Map makers, Google Earth developers, astronauts and those who gaze at the earth and universe for a living are already convinced of the tremendous beauty of large places seen from space. For most of us mere mortals we won’t ever get the chance to see the earth from space.
The ‘Overview Effect’ was a term coined by astronauts in the 1980’s, who, after orbiting around our pale blue dot were overcome by an overwhelming sense of beauty, harmony and fragility of our planetary home.
From our largely horizontal access to the world’s surface, we don’t really clock the magnitude of the beauty, symmetry and intricacy of both man-made and natural structures. It’s only when we’re aloft in a plane and gazing down do we experience this fleeting sense of wonder. The website and new book the Overview Effect seeks to rectify this imbalance by providing a steady stream of harmonious and aesthetically-beautiful geo-locations on the pale blue dot to whet your appetite for cartographic wonder and travel.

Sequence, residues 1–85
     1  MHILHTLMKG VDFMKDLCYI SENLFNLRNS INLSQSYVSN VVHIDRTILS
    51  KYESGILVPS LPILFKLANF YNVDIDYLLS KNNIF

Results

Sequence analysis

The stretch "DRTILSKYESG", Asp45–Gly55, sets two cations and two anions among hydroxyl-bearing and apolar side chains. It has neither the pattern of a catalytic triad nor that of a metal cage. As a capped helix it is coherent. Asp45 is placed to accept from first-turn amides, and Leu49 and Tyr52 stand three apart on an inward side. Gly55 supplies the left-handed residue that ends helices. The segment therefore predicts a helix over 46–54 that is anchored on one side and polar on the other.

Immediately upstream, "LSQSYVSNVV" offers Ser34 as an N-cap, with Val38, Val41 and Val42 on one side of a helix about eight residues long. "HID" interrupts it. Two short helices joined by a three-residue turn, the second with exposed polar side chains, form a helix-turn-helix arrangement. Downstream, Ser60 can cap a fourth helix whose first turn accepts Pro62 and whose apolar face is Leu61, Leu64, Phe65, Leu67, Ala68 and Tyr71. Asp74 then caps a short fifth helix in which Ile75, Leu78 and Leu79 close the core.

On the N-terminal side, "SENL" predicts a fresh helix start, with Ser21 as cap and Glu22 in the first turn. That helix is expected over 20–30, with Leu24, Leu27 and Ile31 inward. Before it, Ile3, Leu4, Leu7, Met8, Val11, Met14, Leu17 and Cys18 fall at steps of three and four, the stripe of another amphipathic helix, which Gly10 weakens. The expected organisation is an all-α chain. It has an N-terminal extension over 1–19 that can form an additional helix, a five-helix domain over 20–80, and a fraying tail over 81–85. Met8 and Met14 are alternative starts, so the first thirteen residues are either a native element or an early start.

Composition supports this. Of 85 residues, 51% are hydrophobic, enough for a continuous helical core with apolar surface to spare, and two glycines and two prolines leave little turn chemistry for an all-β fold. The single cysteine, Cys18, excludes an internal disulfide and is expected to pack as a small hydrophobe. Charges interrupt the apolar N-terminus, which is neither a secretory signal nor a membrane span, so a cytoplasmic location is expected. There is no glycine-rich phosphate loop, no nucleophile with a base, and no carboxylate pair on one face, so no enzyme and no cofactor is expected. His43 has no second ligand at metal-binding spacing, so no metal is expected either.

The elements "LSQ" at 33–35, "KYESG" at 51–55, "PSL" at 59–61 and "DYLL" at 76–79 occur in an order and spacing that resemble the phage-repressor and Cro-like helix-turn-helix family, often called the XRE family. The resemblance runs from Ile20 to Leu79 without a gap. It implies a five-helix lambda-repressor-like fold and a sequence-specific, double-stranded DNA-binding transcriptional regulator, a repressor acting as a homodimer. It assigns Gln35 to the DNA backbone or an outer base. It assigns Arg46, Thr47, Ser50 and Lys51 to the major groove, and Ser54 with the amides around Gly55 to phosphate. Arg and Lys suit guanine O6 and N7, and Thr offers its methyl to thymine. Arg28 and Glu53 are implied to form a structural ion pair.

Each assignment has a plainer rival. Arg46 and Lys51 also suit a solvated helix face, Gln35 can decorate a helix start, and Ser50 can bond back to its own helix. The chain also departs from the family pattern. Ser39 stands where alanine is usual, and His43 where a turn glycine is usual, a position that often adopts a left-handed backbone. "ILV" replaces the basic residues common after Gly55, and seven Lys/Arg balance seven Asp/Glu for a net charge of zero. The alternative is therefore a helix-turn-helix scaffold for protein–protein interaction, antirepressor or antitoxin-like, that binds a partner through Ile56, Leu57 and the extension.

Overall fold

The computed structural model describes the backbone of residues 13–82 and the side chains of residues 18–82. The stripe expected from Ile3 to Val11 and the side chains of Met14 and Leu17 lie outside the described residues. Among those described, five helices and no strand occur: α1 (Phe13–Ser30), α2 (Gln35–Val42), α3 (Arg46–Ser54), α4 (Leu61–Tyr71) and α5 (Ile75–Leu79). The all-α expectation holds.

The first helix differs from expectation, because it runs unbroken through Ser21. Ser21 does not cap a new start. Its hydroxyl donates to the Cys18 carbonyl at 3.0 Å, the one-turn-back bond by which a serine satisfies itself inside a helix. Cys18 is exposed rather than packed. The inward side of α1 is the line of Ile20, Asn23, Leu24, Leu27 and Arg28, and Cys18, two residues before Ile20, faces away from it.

Not only that, with side-by-side comparisons over time, we can see quite starkly and clearly, the devastating impact of human civilisation on jungles, deltas, icebergs and reefs. Vibrant colours bleeding into each other, harmonious confluences of lines and shapes and sacred geometry all unfold here on a meta-level and will leave you breathless with wonder.
Part 1: Cyanobacterial Bloom in the Baltic Sea
In August 2015 a massive bloom of cyanobacteria – more than 100 square kilometers, was seen in the Baltic Sea. Cyanobacteria are a type of marine bacteria that capture and store solar energy through photosynthesis. While some are toxic to humans and animals, large blooms can cause an oxygen-depleted dead zone where other organisms cannot survive. Scientists believe that blooms are more likely to form in the presence agricultural and industrial run-off or from cruise ships that provide excessive nutrients for the bacteria through the dumping of sewage. Image courtesy of NASA.